Edgar Evins State Park is a large park with lots of activities for young and old. However, if you want to stay in the campground, make sure to take a freestanding tent unless you have creative ways to keep your tent up. Most of the sites have wooden platforms, and the fire pits are beside the road. Perhaps most people like that sense of permanence, but I personally prefer solid ground or even gravel pads. Fortunately, the one I used was a free-standing tent. There is another option, and that is to stay in the primitive camping area. Of course, they are walk-in sites, but they are not far from where you park. I would normally choose the primitive camping area for a couple of reasons. There is a little more privacy, and you have soft ground on which to pitch your tent. Obviously, if you are an RV camper, staying in the primitive area does not apply. Unfortunately, it was better this time to choose a site that you don’t have to walk to. Out of all the state park campgrounds I have visited, the bath rooms in this state park are the best. They are modern with tiled floors, and the showers resemble ones you would find at privately owned campgrounds. There are several different activity options—volleyball, horseshoes, playgrounds, hiking trails, etc. There is also an aviary, a marina, a restaurant, and a couple of boat ramps. For the children, there is the“Storybook Trail.” For other overnight options, there are also cabins that you can rent. In retrospect, the primitive area would have been a better choice. It definitely would have been more quiet. No matter whether you stay in the primitive area or the regular camping area, you will encounter hilly terrain. The camp store is fully stocked with most of your camping needs, and there is also a laundry. Overall, Edgar Evins State Park was a good place to spend time, but again, I have my doubts about the wooden platforms.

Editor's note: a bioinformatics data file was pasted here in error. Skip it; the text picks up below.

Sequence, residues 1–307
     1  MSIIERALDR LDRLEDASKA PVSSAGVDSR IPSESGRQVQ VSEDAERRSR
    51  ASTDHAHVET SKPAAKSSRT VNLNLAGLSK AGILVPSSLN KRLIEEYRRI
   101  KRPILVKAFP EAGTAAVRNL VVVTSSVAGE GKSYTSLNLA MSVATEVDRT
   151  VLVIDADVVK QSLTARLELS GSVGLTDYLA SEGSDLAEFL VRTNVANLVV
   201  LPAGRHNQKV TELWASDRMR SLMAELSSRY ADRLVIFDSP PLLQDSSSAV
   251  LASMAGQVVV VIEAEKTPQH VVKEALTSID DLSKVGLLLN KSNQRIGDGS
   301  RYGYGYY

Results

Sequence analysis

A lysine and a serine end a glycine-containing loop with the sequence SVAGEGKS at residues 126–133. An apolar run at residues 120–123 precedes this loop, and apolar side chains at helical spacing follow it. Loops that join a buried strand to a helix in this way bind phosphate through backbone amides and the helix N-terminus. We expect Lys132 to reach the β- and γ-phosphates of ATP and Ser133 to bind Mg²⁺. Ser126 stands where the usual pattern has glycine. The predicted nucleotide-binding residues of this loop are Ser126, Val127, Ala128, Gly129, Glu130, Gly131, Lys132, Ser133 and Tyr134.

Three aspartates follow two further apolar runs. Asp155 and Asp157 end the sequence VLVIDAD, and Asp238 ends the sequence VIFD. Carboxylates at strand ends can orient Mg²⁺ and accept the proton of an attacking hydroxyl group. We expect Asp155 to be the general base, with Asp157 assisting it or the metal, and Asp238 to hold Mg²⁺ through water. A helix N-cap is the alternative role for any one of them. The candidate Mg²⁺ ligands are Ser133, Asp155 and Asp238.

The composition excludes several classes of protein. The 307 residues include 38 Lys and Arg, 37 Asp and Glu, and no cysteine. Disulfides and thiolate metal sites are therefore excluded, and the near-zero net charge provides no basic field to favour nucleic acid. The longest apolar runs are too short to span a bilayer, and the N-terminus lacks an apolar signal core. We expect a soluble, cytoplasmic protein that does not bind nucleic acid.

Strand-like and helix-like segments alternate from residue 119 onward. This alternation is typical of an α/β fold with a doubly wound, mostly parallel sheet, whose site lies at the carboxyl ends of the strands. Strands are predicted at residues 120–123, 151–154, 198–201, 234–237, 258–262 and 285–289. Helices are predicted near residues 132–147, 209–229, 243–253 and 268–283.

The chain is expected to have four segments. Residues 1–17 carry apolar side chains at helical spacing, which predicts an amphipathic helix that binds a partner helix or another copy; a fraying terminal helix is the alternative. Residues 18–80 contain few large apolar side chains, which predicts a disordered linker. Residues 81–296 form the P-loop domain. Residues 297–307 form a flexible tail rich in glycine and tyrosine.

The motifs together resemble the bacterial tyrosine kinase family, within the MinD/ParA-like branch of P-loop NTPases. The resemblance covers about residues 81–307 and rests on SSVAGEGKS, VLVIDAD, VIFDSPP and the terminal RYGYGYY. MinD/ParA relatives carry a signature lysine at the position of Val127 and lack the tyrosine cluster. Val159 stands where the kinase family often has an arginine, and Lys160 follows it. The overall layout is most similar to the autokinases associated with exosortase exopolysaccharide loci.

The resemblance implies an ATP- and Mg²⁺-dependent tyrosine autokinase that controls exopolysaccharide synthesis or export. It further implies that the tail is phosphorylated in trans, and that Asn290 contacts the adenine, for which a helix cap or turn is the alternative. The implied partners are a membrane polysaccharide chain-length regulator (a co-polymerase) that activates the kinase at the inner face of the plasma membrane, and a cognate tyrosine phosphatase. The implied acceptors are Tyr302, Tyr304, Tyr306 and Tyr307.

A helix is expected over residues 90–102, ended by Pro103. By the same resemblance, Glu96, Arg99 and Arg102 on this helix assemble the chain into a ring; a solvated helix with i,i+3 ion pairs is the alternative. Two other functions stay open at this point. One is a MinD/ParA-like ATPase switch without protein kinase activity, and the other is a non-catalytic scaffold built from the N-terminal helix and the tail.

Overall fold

This is really a very nice park. With senior pass it is half price. There are deer everywhere in park(fawns and even Bucks). Like COE’s it is spacious with good space between sites. Lots of shade trees. Access lake is good all around park. Park is kept clean and restrooms, showers cleaned everyday. Need to trim trees better to keep limbs from falling. Sunset scenery around mountains is beautiful in evenings. Negatives are no WiFi , no antenna tv. Satellite can even be hard to get in some spots. This is negative only because of bad weather alerts.
Ranger Review of Mountain House at Beech Hollow Hideout.
Ranger Review: I recently visited Beech Hollow Hideout in/near Dowelltown, Tn. https://www.hipcamp.com/tennessee/beach-hollow/beech-hollow-hideout I discovered this listing on The Dyrt Pioneer listing page and used Hipcamp to make my reservation. This place is truly a gem in the Tennessee hollows! William and Sharon have lived in their little corner of the woods for over 19 years and have created an awesome little oasis of tranquility. LOL, sounds sappy, but I mean it!! Their cabin, which they built over three years is a work of art and they don’t mind giving you a peak. Williams workshop (which he also built)is up the hill and they host volunteers from WWOOF , I never heard of it either but I’m not an organic farmer. The Hideout is another climb further up the same hill. Mind you it’s not far, it’s also not too shy of needing a ladder system to get up to. Walkable but you may need a quick break on your way up and your calves will be speaking to you. Thankfully William has a four wheeler to carry the big stuff up. Once up there the first reaction I had was “this is just cool!” The Hideout is complete with porch , fire ring and open air outhouse that has a lived in wrens nest for “decoration”. Then you start exploring and realize the attention to detail William has put into this little hut. Cedar pleasantly permeates the air, a collapsible table inside the door. Mosquito netting on the door if you want to prop it open. A book shelf with a selection of books. Chairs and a flip water jug and cup. A ladder for the loft sleeping area. A little stove inside if your making a winter visit. Split wood already waiting near the fire pit. And a dozen other things I’m probably forgetting. If your going to sneak away to the woods to hide and unwind for a few days this is the place! There are logging trails to hike and a few state park areas nearby if you want additional recreation. You could easily park your vehicle and just relax right there your whole visit. One more note , stop in the last town you pass through and make your final tweets , calls and texts and make sure you have your directions available in your notes cause your GPS and phone service will fail you long before you arrive on site !